“No Way Home” hinges on that Multiverse mix-up, but it’s also been referenced elsewhere in the Spider-Verse: namely, in “Venom: Let There Be Carnage,” which includes its own post-credits scene that sees Eddie (Tom Hardy) and Venom briefly dropped into the Spider-Verse proper, before being yanked back out in the post-credits scenes from “Far from Home.” Chew on that for a bit.
Anyway! In Morbius’ universe — which, again, is also Venom’s universe — the sky rift opens and the film cuts to an empty prison cell and the appearance of a confused Adrian Toomes. He’s a little stunned (wouldn’t you be?), but he soon gets very good news as a newscast tells us that this strange man who has randomly been discovered in a cell is about to be freed. Presumably, there is no Adrian Toomes in Morbius’ universe, and as such, there’s no convicted madman locked up for his bad deeds. Of course this wacky stranger should be let loose!
The film’s second post-credits scene picks up after Adrian has been freed. Apparently Michael has taken his act on the road and, as he speeds along a strip of moonlit desert highway, he seems eager to get to somewhere new. Or, as is the case, someone.
Out of his fancy sports car and in the middle of the desert, Michael suddenly encounters The Vulture (i.e. Adrian in his winged suit, albeit a slightly updated one from his “Homecoming” appearance, which begs all sorts of unanswered questions about the provenance of this new get-up). Adrian is honest: He has no idea how he got into this other universe, but he thinks it might have something to do with… Spider-Man! (Important to note: Michael would not know about Spider-Man, so… what could this possibly mean to him? Mystery!)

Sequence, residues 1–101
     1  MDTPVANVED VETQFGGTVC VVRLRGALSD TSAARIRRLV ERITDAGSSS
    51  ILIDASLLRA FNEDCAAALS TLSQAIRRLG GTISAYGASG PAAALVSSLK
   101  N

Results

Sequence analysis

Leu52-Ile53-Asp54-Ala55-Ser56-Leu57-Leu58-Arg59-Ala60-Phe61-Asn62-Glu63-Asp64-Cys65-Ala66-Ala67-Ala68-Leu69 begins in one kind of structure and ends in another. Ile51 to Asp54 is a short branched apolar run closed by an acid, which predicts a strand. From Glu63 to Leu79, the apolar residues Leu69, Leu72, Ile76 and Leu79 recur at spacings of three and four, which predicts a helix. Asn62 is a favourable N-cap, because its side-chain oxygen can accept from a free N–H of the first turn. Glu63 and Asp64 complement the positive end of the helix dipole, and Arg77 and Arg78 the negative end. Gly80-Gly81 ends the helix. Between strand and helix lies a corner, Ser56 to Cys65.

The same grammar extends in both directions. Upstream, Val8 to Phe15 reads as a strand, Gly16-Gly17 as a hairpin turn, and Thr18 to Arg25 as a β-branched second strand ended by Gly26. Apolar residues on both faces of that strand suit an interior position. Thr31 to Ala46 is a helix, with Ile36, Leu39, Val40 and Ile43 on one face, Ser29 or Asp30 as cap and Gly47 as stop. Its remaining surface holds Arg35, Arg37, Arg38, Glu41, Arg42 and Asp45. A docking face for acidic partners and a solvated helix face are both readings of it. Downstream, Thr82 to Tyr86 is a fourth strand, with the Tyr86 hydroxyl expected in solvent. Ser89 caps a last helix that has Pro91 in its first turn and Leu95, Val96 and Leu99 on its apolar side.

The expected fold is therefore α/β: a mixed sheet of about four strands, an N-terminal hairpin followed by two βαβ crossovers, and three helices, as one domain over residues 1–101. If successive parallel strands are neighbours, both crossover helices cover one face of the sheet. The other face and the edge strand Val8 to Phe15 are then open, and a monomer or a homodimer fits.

Not only that, but Adrian thinks that people like him and Michael should “team up and do some good.” (Another note: Michael, for all his mistakes and bloodsucking tendencies, has just spent an entire film trying to be a good guy; why would he possibly team with some winged stranger from another universe?) Ah, no matter, because Michael has an answer at the ready: “Intriguing.”
None of this makes much sense in the context of “Morbius,” but it sure does serve Sony’s long-running intent to build out a Sinister Six movie focused on some of Spider-Man’s primary baddies. Even before Holland stepped into Peter’s tights, Sony was trying to make a spinoff focused on the supervillains, and even nodded to it in the post-credits scenes of “The Amazing Spider-Man 2.” Two films were planned, with Drew Goddard on board to write and direct. But, as fate would have it, that second “Spider-Man” series ended after just two films, cancelling any spinoffs in the process.
Still, it seems Sony has not given up that idea just yet, and is setting the stage for its own bad guy team-up, complete with Spider-Man’s greatest foes (even if this all feels quite muddled).
A Sony release, “Morbius” is now in theaters.